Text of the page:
Beirut, Lebanon - As the world moves into 2014, many people in Lebanon are wondering if they are in for another bloody year, or if it will finally bring peace.
People all over Beirut woke up Friday morning to calls and text messages asking if they were safe, after a downtown car bombing killed eight people, including former finance minister Mohamed Chatah.
It's a question all Lebanese have grown accustomed to over the years. Those living abroad ask: "Are you safe?" Those in Lebanon try to reassure them that they are, indeed, safe.
The question was asked as recently as late November, when a double suicide bombing outside the Iranian embassy killed 22 people in the south of Beirut - an area considered to be a Hezbollah stronghold.
On the surface, Friday's bombing appeared no different from that of November 19. But the latest attack was a targeted hit on Chatah - a member of Lebanon's March 14 opposition group - who was known for his criticism of Syria's President Bashar al-Assad and his allies inside Lebanon.
Spillover from the civil war in neighbouring Syria is intensifying in Lebanon. But to classify the latest attack that killed Chatah and the others as sectarian would be far too simplistic.
Friday's bombing took place at the scene of a massive regeneration project, spearheaded by former prime minister Rafiq Hariri after the end of Lebanon's civil war from 1975-90. The project transformed the area from a combat zone to a hub where families go to walk and shop, and where banks and government offices are located. People of all sects and religions mix there.
But despite the revitalisation, the area also holds memories of tragedy: In 2005, Hariri - a friend and colleague of Chatah's - was also killed in a car bombing in the vicinity.
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The assassinations in recent months have left many Lebanese with a sense of quiet discomfort, a fear that permeates their once again unpredictable daily lives.
Hiba Safieddine, a 30-year-old business owner, says she is now used to living with uncertainty.
"It's scary when you know that it could happen anywhere at any time - and that you could be one of the victims," she said. "But you cannot live indoors all your life either."
Lebanese have long been known for their resilience in the face of violence and war. Nevertheless, every assassination leaves behind a lingering unease, as if a countdown has started to the next one. Some Lebanese have found their patience is running out.
Christina Khoury, a 35-year-old bank manager, says she plans on leaving Lebanon for good.
"I have given up hope. There is no longer a sense of unity among people," she told Al Jazeera. "The once prevalent ideology of acceptance and co-existence has been replaced with one of intolerance and defeatism."
Khoury, who like many of her generation returned to Lebanon to help rebuild the country after the civil war, says she has lost faith in those in power, and plans on building a life elsewhere. This sentiment has become more common among her peers. "I am no longer the exception, I am the norm," Khoury says.
Vowing to stay
For those who choose to stay, maintaining a sense of normality is their only coping mechanism.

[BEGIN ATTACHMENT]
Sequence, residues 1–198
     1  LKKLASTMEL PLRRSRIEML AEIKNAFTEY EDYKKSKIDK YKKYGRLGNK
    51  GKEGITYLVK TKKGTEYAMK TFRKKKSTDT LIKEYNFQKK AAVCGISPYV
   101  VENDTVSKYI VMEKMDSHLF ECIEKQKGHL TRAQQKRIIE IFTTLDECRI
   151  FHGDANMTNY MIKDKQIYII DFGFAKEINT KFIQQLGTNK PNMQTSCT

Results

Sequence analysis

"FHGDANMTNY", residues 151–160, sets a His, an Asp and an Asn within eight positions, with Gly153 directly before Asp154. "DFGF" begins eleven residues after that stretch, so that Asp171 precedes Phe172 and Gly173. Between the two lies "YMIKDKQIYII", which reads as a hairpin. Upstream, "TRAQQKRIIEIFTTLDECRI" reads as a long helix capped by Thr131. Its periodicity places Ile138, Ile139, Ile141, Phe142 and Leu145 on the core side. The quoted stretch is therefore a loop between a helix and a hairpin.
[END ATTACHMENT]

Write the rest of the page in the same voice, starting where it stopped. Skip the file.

Alice Bahoushy, a retired 65-year-old business manager, returned to Lebanon 30 years after fleeing the war. She says she refuses to let the surrounding violence dictate her life.
"How much more can we take?" she says. "I left once, I can't do it again. This is home. We have to continue living, we switch to autopilot and end up living in denial."
Since March, Lebanon has been unable to form a new government. Parliamentary elections held in June were postponed for 18 months, and the current caretaker government has no decision-making powers. The lack of an established government has left many Lebanese with a sense of helplessness - not knowing who is responsible for their safety, or whom they can trust with that responsibility.
There is also growing international concern over Lebanon's volatility. Britain's ambassador to Lebanon, Tom Fletcher, called on Lebanese politicians to challenge the status quo, and for citizens to end the defeatist ambivalence many have developed towards their leaders.
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"I hope this won't be another Lebanese murder where everyone condoles and blames, but nobody is held to account. It is time to end the brutal and broken form of politics of which Mohamad Chatah was an eloquent and decent critic," Fletcher wrote on his blog following the attack.
"I hope his death makes people more intolerant of intolerance," he wrote of Chatah, who was one of the few politicians advocating for a national reconciliation government including all factions.
'Lucky to be alive'
Chatah wasn't the only one killed in Friday's attack. Seven other people also lost their lives, including Mohammed Chaar, a teenager who happened to be in the area and who died of his wounds the following day. He has become a symbol across Lebanon of innocents caught up in the violent struggle for power in the country.
Hadi Ballout, a 31-year-old expatriate in Beirut for the holidays, says he had driven past the scene of the attack just five minutes before the car bomb went off. "I felt lucky to be alive. I just escaped by a few minutes," he says.
Ballout later met up for drinks with friends in nearby Gemmayze, a bar strip only a few hundred metres from the bomb site.
"It's funny how people just forget in a moment the day's events, and continue with their lives as if nothing happened, drinking and partying while everything is crumbling around them," Ballout says. "It may be the right thing to do, but it feels strange."
Meanwhile, those whose lives were spared - who were fortunate enough not to be at the wrong place at the wrong time - carry on living the best way they know how: day by day.